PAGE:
The tyranny of Rex

The Bills' loss Sunday looked all to familiar to students of Rex Ryan's work

AP Photo

The ballad of Rex Ryan is a tragedy.

A tremendously likeable coach – and a good one at that – Ryan has inspired undying loyalty and adoration from fans and players alike at each of his NFL stops. In Baltimore, Ryan was so beloved, the Ravens declined to promote him to head coach for fear he would become too chummy with his players. After spending 2008 as John Harbaugh’s defensive coordinator, Ryan finally received his shot with the Jets, which began with back-to-back runs to the AFC title game before lurching off a cliff in agonizingly slow motion.

Upon arriving in Buffalo, Ryan found an instant connection. The people of Western New York are largely blue collar and wear their hearts and affection for the beloved Buffalo Bills on their sleeves. After the franchise cycled through coaches every few years for the better part of two decades, Ryan represented the potential for meaningful, long-term change. Most importantly, the Bills’ fans and players liked Ryan – a major step up from the paranoid and dictatorial ways of former coach Doug Marrone.

At his introductory press conference, Ryan promised fans he would end the Bills’ 15-year postseason drought, and he would do it this season. After the Bills demolished the Indianapolis Colts in Week 1, Ryan appeared well on his way. Buffalo’s defense, the most talented unit he’s coached in his NFL career, was swarming and unrelenting against the Colts and his decision to pick relative unknown Tyrod Taylor as the team’s starting quarterback appeared prescient. If only Ryan could secure a win over the hated New England Patriots, the Rex hysteria would reach a fever pitch, not only in Buffalo, but across the league.

The win, along with the newfound freedom in Buffalo, opened Ryan up like a belt buckle on Thanksgiving. Ryan and the Bills sauntered into Sunday’s game against New England with the swagger of an unbeaten prizefighter. The official team store even sold inflation pumps, an idea Ryan no doubt supported, even if he was unaware of it.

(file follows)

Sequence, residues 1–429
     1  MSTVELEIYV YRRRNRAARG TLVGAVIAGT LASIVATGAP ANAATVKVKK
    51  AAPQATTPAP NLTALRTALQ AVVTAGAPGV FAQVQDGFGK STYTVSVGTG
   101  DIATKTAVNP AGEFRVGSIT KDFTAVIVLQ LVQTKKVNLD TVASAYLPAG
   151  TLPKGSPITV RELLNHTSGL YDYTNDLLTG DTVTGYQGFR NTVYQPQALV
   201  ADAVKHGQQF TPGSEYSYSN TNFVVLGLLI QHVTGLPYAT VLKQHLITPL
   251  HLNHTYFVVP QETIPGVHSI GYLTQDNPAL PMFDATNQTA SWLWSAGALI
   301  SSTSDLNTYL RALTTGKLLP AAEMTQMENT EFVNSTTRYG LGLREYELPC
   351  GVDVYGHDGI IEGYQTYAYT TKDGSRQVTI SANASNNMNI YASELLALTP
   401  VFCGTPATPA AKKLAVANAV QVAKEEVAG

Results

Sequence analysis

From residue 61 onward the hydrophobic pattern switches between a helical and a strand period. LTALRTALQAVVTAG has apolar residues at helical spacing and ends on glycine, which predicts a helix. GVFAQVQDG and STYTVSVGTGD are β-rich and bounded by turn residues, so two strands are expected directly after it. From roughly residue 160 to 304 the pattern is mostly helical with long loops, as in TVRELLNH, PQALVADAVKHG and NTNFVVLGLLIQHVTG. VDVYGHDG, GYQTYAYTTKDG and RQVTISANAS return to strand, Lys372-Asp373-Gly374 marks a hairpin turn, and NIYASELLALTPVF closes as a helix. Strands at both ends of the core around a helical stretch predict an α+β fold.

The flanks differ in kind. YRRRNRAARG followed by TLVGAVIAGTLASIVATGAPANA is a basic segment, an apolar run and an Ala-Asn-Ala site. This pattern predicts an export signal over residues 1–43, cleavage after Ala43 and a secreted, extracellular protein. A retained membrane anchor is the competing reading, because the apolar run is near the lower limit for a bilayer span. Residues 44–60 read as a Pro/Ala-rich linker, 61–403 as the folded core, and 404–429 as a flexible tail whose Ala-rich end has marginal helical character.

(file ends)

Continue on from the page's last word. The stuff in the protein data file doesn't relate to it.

But the talk, like it has many times in the past, fell flat. The Patriots dropped a 40-burger on a baby-soft Bills defense, and for the most part bottled up Taylor and Buffalo’s offense until a late spree made the final score, 40-32, appear much closer than the game actually was. It was Ryan’s 10th loss in 14 games against the Patriots since becoming a head coach and his eighth since 2011. Ryan marked the Patriots as the team to beat upon his arrival in both New York and Buffalo; again, he was schooled.

When it was over, Ryan trotted out one of his familiar tropes from New York, taking the blame for the loss and admitting he was “outcoached” by Bill Belichick. While it was utterly true – Rex’s defense looked unprepared for New England’s up-tempo offense for the majority of the game – it also obscured the fact that Ryan’s Bills set themselves up to fail throughout the afternoon, thanks in large part to the sins of their teacher.

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Ryan is an emotional man and he coaches, often, from his heart instead of his head. He identifies with his players not as pieces on a board, but as friends and even family members. That attitude, led to a frathouse environment in the Jets’ locker room, where discipline was lacking and players lacked accountability.